Friday, April 17, 1868

Rose at 5 1/2 o'clock. Weather warm. This is the first break in my journal, occasioned by being again sick and my journal left in my old office after moving. The moving has continued, tho. I sleep and eat in my new house. Have done little else than give directions about hanging pictures and arranging books and furniture. In the evening went to Philadelphia to get rid of the confusion. Passed a quiet evening and retired at 10 1/2 o'clock.

I am now engaged in fitting up my old residence for a hotel for my visitors. I will now see whether I can stem the opposition, or will have to leave Vineland to its own development.


April 18, 1868

Rose at 6 o'clock. Breakfasted at the Continental. Left in the morning train for Vineland. On the way down met Mr. Hood, of Vineland, who told me that the Editorial Association of New Jersey desired to stop at Vineland next June on their way down to Cape May. Told him that I would be happy to receive them.

Mr. Acton, of Salem, informed me that there had been a meeting of some citizens and they desired I should go to the State Senate this year. Told him that would be impossible on account of my business. He then wanted me to fix upon some good man beside Nixon. He does not think Nixon sufficiently sagacious and energetic. I confess that Nixon is slow.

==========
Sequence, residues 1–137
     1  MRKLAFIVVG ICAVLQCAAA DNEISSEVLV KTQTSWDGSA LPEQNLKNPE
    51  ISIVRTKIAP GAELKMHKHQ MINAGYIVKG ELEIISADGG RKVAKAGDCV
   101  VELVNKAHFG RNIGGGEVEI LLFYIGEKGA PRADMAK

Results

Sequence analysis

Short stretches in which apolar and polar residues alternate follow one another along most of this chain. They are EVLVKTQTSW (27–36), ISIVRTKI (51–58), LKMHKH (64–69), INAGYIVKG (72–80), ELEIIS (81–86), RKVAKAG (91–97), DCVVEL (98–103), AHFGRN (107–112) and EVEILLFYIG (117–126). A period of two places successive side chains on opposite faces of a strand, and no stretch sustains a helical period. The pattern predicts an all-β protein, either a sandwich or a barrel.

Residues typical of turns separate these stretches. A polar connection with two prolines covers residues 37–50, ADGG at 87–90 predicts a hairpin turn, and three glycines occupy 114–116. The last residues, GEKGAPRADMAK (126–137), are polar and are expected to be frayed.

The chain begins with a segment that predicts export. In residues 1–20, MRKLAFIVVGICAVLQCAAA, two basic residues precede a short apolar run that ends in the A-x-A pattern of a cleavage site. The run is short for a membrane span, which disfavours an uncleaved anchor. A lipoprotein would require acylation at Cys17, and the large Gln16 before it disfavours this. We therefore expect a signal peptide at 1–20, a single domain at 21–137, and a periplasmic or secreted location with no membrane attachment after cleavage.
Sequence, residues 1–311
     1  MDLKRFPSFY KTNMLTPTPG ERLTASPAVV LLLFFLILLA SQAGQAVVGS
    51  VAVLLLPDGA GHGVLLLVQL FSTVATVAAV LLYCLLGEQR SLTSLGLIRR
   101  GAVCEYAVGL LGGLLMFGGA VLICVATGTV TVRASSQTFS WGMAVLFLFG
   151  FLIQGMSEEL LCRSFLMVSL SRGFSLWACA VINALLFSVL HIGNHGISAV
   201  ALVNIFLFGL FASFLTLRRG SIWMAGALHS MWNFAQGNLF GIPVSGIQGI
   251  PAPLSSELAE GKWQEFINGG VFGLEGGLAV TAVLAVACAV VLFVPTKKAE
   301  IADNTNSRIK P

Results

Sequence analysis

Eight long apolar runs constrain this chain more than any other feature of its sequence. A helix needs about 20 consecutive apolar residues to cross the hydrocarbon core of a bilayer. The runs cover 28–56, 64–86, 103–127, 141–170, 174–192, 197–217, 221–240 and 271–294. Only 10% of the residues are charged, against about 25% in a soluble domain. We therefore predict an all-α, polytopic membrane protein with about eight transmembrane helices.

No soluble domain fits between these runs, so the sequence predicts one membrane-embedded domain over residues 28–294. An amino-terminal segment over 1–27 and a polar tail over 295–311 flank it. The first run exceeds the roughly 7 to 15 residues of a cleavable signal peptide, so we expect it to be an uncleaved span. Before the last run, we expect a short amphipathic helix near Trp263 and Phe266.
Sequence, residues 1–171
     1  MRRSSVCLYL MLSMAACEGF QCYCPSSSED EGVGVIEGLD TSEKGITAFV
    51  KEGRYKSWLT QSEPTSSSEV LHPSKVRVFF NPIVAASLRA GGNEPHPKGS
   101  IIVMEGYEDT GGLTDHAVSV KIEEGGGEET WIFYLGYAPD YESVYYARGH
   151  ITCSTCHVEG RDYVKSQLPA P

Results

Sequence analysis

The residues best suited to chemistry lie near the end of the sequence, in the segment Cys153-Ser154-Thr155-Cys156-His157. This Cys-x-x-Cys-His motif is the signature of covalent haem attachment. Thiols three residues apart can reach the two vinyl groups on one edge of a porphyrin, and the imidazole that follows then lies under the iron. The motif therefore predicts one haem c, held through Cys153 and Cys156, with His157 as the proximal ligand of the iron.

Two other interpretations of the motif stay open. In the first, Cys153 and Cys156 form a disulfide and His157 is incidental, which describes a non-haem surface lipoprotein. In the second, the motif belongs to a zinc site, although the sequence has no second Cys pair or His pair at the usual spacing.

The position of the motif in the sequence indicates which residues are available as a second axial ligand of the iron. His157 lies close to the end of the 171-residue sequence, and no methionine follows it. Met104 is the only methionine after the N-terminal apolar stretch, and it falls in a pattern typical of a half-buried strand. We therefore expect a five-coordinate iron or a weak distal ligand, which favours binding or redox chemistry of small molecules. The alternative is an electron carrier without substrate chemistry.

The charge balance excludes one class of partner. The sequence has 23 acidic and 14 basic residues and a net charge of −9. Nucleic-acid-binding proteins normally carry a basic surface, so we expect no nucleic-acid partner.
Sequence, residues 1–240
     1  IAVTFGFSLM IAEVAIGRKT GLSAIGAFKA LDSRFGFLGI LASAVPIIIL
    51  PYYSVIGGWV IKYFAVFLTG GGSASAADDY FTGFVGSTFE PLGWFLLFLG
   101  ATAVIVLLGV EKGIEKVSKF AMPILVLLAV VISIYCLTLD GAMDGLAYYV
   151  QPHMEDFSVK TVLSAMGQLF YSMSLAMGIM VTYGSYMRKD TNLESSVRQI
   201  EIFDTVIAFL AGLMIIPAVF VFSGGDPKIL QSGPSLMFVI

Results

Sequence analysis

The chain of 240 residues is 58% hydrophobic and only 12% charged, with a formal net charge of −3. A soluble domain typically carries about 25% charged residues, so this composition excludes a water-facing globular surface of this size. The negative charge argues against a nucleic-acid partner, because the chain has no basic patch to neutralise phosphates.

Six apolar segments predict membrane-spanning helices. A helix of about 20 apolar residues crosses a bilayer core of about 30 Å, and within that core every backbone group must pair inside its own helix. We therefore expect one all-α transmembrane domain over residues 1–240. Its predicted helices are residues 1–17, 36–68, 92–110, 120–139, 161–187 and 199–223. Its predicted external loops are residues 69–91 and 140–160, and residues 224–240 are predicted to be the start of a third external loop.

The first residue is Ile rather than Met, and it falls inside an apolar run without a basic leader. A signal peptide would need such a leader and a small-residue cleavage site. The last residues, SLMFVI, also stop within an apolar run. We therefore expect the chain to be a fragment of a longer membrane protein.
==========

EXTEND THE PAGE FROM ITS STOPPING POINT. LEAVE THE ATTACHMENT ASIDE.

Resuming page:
Arrived in Vineland. Conversed with several visitors. Dr. Smith brought Dr. Homer Bostwick, of Staten Island, a cousin to Colonel Bostwick. The Doctor had only read of the death of the Colonel in the newspapers and was greatly affected. He had ordered him to be taken up in order to see his body. I invited him to stay with me. The Doctor is a very interesting man. The Colonel used to often speak of him. He is a man of great eminence in his profession, though he has not practiced for some years. He has a large and very interesting family. He dined with me. After dinner we walked out. Upon our return Dr. Smith called and drove us to the cemetery. We there saw the poor Colonel. He had not changed in the least. He looked as natural as though he was just fallen to sleep. His face was placid and with a beautiful smile, which had always been natural to his expression. This was the most solemn scene that I had ever witnessed.

In the afternoon called upon Marcius Willson and his family. The Willsons were very agreeable as they always are. Miss Fanny really looked pretty. She was dressed in exquisite taste and simplicity. Talked during the evening a great deal about the Colonel and did not retire until 12 o'clock. My cold to-day has been very bad. I am so hoarse that I could hardly speak. Did not sleep well on account of indisposition. Suffered a great deal during the night.